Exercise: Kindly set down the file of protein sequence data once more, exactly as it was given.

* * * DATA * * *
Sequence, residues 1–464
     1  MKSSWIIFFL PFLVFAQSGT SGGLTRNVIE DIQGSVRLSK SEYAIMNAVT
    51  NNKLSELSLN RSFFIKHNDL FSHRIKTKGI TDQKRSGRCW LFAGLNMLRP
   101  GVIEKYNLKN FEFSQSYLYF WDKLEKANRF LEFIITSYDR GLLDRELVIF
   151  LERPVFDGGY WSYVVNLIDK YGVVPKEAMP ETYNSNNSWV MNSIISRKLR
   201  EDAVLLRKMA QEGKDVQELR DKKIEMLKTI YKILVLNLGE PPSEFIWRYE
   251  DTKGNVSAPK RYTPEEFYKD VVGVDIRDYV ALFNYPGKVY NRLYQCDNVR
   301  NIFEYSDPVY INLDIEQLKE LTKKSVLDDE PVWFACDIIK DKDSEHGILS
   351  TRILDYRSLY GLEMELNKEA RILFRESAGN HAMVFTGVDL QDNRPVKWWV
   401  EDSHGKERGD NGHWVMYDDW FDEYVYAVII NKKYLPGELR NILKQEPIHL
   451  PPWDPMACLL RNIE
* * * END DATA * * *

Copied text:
Sequence, residues 1–464
     1  MKSSWIIFFL PFLVFAQSGT SGGLTRNVIE DIQGSVRLSK SEYAIMNAVT
    51  NNKLSELSLN RSFFIKHNDL FSHRIKTKGI TDQKRSGRCW LFAGLNMLRP
   101  GVIEKYNLKN FEFSQSYLYF WDKLEKANRF LEFIITSYDR GLLDRELVIF
   151  LERPVFDGGY WSYVVNLIDK YGVVPKEAMP ETYNSNNSWV MNSIISRKLR
   201  EDAVLLRKMA QEGKDVQELR DKKIEMLKTI YKILVLNLGE PPSEFIWRYE
   251  DTKGNVSAPK RYTPEEFYKD VVGVDIRDYV ALFNYPGKVY NRLYQCDNVR
   301  NIFEYSDPVY INLDIEQLKE LTKKSVLDDE PVWFACDIIK DKDSEHGILS
   351  TRILDYRSLY GLEMELNKEA RILFRESAGN HAMVFTGVDL QDNRPVKWWV
   401  EDSHGKERGD NGHWVMYDDW FDEYVYAVII NKKYLPGELR NILKQEPIHL
   451  PPWDPMACLL RNIE